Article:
- Rainfly material and design are perfect
- Highly effective mosquito/bug mesh
- Rainfly infrastructure bars poked through material
- Footprint only works so well, base still soaked in Scotland after relentless rain
- Design of the rainfly means in a windy, Scottish rain that you're in for a wild ride even if staked down properly
A couple of years ago, I was in love with a woman. I was young, like 24 or 25, but she meant the world to me then and has left her mark on me still, for sure. Things happened, we went on a "Break", but really, come on, everyone knows it's a break-up just spelled differently. Eventually we started talking again and I foolishly got my hopes up that we were going to get back together, which we did, for a weekend...before I came over one day to say hi after work and she was there in bed with someone else with the shades open on her window...
Well, after that I decided a couple of things really quickly. 1. I needed to just put in a lot of distance between me and the moment, specifically miles on my bike. 2. I needed a plane ticket to somewhere I could ride nonstop that was going to burn my legs and lungs and test my soul (Hebridean Isles in Scotland and Orkneys). 3. I needed a long (I'm 6'2"), highly water-shedding, light, durable tent that could fit all of my panniers.
It just so happened that REI was having their quarterly garage sale in April the month after everything happened with my ex, so, having nothing better to do, I got up at 6 a.m. and headed down to my local REI and camped out with some other equally crusty folks who ended up sharing parking lot-cooked hot dogs and eggs with me along with some very bitter and black insta-coffee.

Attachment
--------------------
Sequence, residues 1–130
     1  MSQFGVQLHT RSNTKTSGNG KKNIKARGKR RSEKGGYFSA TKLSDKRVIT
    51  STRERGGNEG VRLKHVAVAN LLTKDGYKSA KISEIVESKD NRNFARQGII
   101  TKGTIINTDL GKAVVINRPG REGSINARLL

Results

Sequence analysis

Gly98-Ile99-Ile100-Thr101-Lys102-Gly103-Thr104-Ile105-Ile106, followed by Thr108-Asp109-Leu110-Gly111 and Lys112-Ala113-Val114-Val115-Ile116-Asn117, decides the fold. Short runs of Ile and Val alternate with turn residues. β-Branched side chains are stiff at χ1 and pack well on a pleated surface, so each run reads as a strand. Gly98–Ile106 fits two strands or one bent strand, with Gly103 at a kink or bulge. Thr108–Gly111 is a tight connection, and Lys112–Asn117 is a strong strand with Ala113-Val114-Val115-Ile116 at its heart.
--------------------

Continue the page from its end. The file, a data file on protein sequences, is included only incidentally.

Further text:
I got a great deal on the tent and I began my preparation for my upcoming flight to London, several wonderful train rides through rolling countryside and Scottish coastline to Oban, and ferries from there through the isles where I would bike 800+ miles over the next month.
Every night in Scotland on the remote coastlines I liked to stick to was filled with torrential rain the likes of which I have no reference point here in California where I'm from. It was surreal how much water shot down from the blackened, roiling skies there. Despite the precipitation and lack of experience camping in such trying conditions, I had such a great time in my Sierra Designs Flash 2 FL peering out through the zippered rainfly door and mosquito mesh (which was absolutely a godsend in dealing with the micro-demons known as "midges" that proliferate around stagnant pools of water which are everywhere on the coast in Scotland).
The setup of this tent is just simple, I got used to putting it up in under two minutes when I knew the rain was about to really come in. Its weight is a major selling-point and the stakes, tent, and poles all together only weigh like 5 lbs. Not bad.
The guy-lines that come with the tent are plenty reflective (good at night so you can find your dang tent out there in the black mire) and are at points around the tent that make sense to mitigate the effect wind has on the lightweight, airy tent.
I know this tent is just about my experience in Scotland, but if this tent can last there, it can last pretty much everywhere. I've had in the snow here in Tahoe, where I live, and it holds just as fine—you just need to bundle up because its ultralight nature makes it pretty airy, as I said above.
Have a great day!